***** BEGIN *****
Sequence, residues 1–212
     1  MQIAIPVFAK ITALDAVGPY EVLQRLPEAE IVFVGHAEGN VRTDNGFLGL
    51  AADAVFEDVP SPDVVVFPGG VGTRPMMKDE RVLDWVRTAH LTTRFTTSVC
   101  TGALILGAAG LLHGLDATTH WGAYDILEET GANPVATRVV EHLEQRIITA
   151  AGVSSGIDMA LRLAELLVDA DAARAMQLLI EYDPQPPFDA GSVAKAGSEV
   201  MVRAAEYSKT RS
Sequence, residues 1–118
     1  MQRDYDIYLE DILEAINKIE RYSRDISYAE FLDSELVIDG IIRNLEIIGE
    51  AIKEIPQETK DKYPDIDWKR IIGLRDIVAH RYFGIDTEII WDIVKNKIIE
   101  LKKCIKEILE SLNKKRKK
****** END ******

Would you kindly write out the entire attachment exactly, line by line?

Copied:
Sequence, residues 1–212
     1  MQIAIPVFAK ITALDAVGPY EVLQRLPEAE IVFVGHAEGN VRTDNGFLGL
    51  AADAVFEDVP SPDVVVFPGG VGTRPMMKDE RVLDWVRTAH LTTRFTTSVC
   101  TGALILGAAG LLHGLDATTH WGAYDILEET GANPVATRVV EHLEQRIITA
   151  AGVSSGIDMA LRLAELLVDA DAARAMQLLI EYDPQPPFDA GSVAKAGSEV
   201  MVRAAEYSKT RS
Sequence, residues 1–118
     1  MQRDYDIYLE DILEAINKIE RYSRDISYAE FLDSELVIDG IIRNLEIIGE
    51  AIKEIPQETK DKYPDIDWKR IIGLRDIVAH RYFGIDTEII WDIVKNKIIE
   101  LKKCIKEILE SLNKKRKK